Like A Boss: How to Afford Quitting Your Job

By Giggle Magazine

By Selena Garrison

Four years ago, I sat waiting for my boss to enter his office for the appointment I had set up with him a few days before. My palms were sweating, heat was rising up the back of my neck, and I pretty much felt like I was going to pass out. He knew that I had started my own business 10 months prior, but the time had come to break the news that I would be leaving my job to pursue my business full time.

Whether you are considering quitting your job to start your own business, become a full-time parent, pursue a different career opportunity, or for some other reason, it is important to make sure that this leap is one that you are prepared for financially. According to Marc Stalvey, a financial adviser with Edward Jones, there are several important areas to take into consideration.

First, you want to make sure that prior to quitting your job, you have plenty of money set aside in savings. Even if you have another job or source of income already lined up, you will want to have at least six months of living expenses tucked away in the case of an emergency or unexpected life event (in my case: Surprise! You’re pregnant!). If you do not have another stable source of income available, Stalvey suggested having one year of necessary expenses available.

Next, you will want to consider some lifestyle changes. You need to put a price tag on your current lifestyle and figure out what you need to do to reduce that cost. “You can’t keep spending like you’re making the same paycheck,” said Stalvey. “That is what causes people to find themselves in real trouble.” The easiest place to reduce your spending is on discretionary expenses, like eating out often for lunch or dinner ($6.69 for a turkey sandwich at Panera Bread), your daily latte habit ($3.65 for a grande café latte at Starbucks) and your entertainment choices ($12 to watch a movie at Regal Cinemas). Making adjustments in these areas will add up quickly and give you a lot more breathing room when your paycheck goes away. If your income reduction is going to be long term, an even more important place to make changes may be in your fixed expenses. These are things like your rent or mortgage payments, insurance payments, car payments, utilities, credit card payments, student loan payments, cellphone/internet/cable payments, etc. By reducing the bills you have to pay, you can make your savings go a lot further if you need to dip into it.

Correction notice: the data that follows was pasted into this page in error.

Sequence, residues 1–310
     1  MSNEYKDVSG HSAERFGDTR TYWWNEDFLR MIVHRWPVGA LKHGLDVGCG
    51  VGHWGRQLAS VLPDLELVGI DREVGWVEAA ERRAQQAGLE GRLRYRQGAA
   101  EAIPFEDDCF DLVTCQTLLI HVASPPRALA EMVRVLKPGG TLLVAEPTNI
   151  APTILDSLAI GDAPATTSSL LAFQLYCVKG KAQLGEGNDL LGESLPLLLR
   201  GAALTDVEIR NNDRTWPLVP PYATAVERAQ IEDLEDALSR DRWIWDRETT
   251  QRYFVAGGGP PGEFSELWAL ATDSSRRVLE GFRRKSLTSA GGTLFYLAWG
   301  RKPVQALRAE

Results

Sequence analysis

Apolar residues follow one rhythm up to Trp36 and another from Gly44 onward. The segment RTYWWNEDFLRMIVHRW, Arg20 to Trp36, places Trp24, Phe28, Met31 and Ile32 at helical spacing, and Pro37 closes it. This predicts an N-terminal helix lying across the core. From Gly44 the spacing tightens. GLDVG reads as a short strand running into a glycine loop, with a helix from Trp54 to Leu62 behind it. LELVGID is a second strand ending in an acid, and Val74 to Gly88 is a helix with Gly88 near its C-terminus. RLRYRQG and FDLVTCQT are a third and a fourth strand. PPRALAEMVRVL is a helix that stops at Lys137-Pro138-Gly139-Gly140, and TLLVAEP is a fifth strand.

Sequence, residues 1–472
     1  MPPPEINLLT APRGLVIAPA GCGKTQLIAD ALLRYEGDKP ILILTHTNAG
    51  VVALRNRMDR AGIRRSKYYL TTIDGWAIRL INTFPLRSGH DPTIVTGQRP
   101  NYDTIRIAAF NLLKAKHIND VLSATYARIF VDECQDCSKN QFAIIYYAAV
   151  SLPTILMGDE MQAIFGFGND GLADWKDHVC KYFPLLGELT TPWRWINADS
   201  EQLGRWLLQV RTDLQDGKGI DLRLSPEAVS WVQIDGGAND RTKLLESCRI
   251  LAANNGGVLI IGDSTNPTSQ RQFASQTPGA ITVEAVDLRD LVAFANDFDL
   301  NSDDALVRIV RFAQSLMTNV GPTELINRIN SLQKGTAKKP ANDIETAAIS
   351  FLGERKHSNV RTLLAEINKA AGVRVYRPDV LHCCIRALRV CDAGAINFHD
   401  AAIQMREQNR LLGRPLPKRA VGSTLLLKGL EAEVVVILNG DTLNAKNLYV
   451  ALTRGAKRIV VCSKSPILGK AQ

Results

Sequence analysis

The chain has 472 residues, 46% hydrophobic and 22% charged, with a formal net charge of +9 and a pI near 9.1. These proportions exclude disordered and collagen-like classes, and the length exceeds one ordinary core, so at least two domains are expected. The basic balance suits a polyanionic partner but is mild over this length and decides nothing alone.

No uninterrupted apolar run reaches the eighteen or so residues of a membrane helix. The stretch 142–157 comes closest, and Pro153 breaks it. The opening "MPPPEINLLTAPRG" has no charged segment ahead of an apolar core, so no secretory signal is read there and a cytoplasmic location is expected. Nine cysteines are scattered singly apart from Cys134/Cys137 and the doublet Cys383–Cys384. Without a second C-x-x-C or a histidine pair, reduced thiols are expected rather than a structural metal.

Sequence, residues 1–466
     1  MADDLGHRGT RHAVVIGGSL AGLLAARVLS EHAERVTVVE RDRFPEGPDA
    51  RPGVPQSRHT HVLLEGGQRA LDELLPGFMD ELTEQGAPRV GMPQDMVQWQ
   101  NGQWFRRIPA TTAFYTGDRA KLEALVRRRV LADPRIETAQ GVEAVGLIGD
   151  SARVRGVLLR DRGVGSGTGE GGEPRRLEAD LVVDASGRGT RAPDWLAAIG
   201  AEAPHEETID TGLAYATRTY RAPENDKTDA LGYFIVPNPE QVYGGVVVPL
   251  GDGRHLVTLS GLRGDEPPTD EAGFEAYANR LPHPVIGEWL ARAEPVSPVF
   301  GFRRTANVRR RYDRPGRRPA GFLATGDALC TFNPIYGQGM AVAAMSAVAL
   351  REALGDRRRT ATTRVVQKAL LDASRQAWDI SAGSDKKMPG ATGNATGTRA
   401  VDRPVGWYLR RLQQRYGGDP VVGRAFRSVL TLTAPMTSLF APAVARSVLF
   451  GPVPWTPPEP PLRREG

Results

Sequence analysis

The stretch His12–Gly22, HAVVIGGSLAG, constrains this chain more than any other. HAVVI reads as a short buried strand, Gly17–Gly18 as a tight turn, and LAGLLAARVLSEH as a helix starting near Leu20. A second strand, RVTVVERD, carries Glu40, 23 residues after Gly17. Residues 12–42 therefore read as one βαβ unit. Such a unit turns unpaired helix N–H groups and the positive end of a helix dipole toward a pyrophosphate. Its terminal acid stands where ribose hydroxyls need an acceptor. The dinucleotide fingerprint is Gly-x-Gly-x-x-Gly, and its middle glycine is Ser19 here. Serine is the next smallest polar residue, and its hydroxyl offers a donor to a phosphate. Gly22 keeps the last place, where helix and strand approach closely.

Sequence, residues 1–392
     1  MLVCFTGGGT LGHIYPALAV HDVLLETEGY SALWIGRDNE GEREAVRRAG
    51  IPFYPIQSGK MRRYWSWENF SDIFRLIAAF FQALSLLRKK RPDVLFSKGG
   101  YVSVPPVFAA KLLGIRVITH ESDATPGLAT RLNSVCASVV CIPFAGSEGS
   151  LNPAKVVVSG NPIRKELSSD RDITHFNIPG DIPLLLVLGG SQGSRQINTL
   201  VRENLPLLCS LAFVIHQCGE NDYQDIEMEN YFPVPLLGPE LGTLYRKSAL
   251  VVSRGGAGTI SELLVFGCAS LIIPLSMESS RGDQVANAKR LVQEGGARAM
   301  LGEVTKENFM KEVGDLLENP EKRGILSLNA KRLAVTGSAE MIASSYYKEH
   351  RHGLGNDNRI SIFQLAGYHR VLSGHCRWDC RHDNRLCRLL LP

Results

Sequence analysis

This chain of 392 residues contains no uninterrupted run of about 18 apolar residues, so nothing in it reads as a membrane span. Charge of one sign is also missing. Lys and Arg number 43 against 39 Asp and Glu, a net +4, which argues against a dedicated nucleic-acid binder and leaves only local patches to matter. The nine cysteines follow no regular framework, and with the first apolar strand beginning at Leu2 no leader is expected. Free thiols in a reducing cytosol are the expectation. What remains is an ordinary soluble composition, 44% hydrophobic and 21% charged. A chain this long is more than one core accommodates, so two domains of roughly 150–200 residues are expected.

Stalvey also suggested looking at the benefits you receive with your current job and considering what you will do to replace them. Does you job provide health insurance? If so, how will you replace it? If you have been making retirement account contributions through your employer, are you fully vested? What will you do with that account? Will you roll it over? How will you continue to save for retirement? Make sure you know the rules (and penalties) associated with retirement account withdrawals. Are there any other benefits you receive (free gym access, paid vacation, child care provision, etc.) that you will need to consider? All of these factors can make a big difference when they are no longer available to you.

One final word of advice is to make sure you leave on good terms. As much as you might like to make a dramatic exit, don’t. You may not like your job (or you may absolutely hate it), but if you were a good employee, your old employer may be your best ally as you go out on your own. You never know when you might need to ask for that old job back or need a personal reference, so make sure to give plenty of notice, emphasize your thankfulness for the opportunity to work there, and do not, under any circumstances, speak negatively of your boss or the people you work with.

There are few circumstances in life that are more exciting — or terrifying — than quitting your job to pursue another adventure, so make sure you are prepared for a successful departure!